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Friday, 28 July, 2000, 18:24 GMT 19:24 UK
US warned on tyre risks
Debris from the crashed Air France Concorde
US safety officials say they warned of problems with Concorde tyres
Click here for the French response

National Transportation Safety Board
Washington, DC

Issued: November 9, 1981

Safety Recommendation(s)
A-B1-150 through 152

Forwarded to:
Mr J. P. Bonny
Bureau Enquetes Accidents
Inspection Generale
De l'Aviation Civile
Et de la Meteorologie
246 Rue Lecourbe
75752 Paris Cedex 15
FRANCE

During the 20-month period between July 1979 through February 1981, there have been four occasions in which an Air France Concorde operating from Dulles International Airport or Kennedy International Airport was involved in a potentially catastrophic incident resulting from blown tires during takeoff. The repetitive nature of these incidents and, in particular, crew response in the more recent incidents is of serious concern to the National Transportation Safety Board.

On June 14, 1979, an Air France Concorde experienced blow-outs of the Nos. 5 and 6 tyres on the left main landing gear on takeoff from Dulles International Airport, Washington, DC. Tyre debris and wheel shrapnel resulted in damage to the No. 2 engine, puncture of three tanks, and severance of several hydraulic lines and electrical wires. Additionally, a large hole was torn in the top wing skin which covers the wheel well area. As a result of the Safety Board's findings in the ensuing investigation of that incident, several mechanical and operational recommendations were being considered; however, prior to a final decision on their issuance, a second blown tyre incident occurred on July 21, 1979, involving a takeoff from Dulles. The similarities between the two incidents led to immediate voluntary corrective action by the appropriate authorities. An Airworthiness Director, issued by the Director Generale de l'Aviation Civile, and a Technical Information Update, issued by Air France, revised procedures, in part, as follows:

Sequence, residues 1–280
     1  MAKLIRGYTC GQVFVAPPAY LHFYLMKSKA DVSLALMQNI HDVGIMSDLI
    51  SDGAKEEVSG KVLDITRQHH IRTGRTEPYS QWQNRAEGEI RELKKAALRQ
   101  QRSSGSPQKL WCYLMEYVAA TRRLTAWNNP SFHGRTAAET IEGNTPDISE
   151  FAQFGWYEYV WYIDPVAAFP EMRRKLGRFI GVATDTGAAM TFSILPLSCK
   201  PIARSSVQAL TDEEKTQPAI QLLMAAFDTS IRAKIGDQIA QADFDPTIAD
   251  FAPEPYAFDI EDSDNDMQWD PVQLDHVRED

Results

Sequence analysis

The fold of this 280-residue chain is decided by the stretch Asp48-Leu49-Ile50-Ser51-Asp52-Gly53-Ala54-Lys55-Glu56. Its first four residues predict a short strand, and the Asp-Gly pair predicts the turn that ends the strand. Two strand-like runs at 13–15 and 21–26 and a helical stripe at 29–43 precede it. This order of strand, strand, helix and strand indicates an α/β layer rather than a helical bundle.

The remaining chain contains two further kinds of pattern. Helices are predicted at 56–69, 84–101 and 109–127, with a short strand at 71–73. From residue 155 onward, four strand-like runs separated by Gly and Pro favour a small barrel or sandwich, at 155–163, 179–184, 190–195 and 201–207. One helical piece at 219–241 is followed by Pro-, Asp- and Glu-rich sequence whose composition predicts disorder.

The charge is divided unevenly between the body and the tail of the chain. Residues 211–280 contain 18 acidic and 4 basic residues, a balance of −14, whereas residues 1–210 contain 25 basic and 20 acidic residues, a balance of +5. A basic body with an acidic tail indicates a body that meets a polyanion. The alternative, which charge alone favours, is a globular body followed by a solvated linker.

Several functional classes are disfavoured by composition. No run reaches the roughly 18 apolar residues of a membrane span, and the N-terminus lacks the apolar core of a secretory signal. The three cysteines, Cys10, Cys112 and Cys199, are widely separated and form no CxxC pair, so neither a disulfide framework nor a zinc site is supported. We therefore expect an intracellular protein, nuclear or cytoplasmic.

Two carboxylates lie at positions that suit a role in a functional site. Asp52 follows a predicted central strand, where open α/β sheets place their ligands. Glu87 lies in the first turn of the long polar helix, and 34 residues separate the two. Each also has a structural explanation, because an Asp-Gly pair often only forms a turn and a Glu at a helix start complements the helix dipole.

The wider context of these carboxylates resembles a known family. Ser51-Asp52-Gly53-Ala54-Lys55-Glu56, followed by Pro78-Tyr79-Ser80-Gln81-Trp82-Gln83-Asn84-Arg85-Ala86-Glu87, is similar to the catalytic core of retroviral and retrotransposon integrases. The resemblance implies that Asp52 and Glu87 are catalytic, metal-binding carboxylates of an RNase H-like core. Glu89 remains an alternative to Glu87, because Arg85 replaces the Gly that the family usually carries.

1) Required inspection of each wheel/tyre for condition, pressure, and temperature prior to each takeoff.
2) Advised crews that when a wheel/tyre problem is suspected (particularly when a bang is heard), the landing gear should not be raised.

Although there was general agreement as to the validity of the corrective action among the various parties involved in the investigations, operational experience since that time casts serious doubt on the effectiveness of the corrective action. Despite the requirement for increased tire inspections and monitoring, there have been two additional accidents in US operations of the Concorde involving blowouts during takeoff:

October 1979 - F-BVFD had a tire failure during takeoff from Kennedy International Airport. On this occasion the Nos. 7 and 8 tyres failed; despite the extant recommendation practice to the contrary, the gear was retracted and the flight continued to Paris. No investigation was conducted by either the Safety Board or the French Bureau Enquetes Accidents at the time of the incident.

February 1981 - F-BTSD incurred blown tyres during takeoff from Dulles International Airport following a stop on a Mexico City to Paris flight. On this occasion the crew also disregarded the Technical Information Update and raised the landing gear. Engine problems resulting from damage forced the crew to land in New York. Preliminary information indicates that there was no preparation of passengers for a possible emergency landing and evacuation. Additionally, the cockpit voice recorder (CVR) on the aircraft was inoperative and had been for several flights, including a layover in Paris.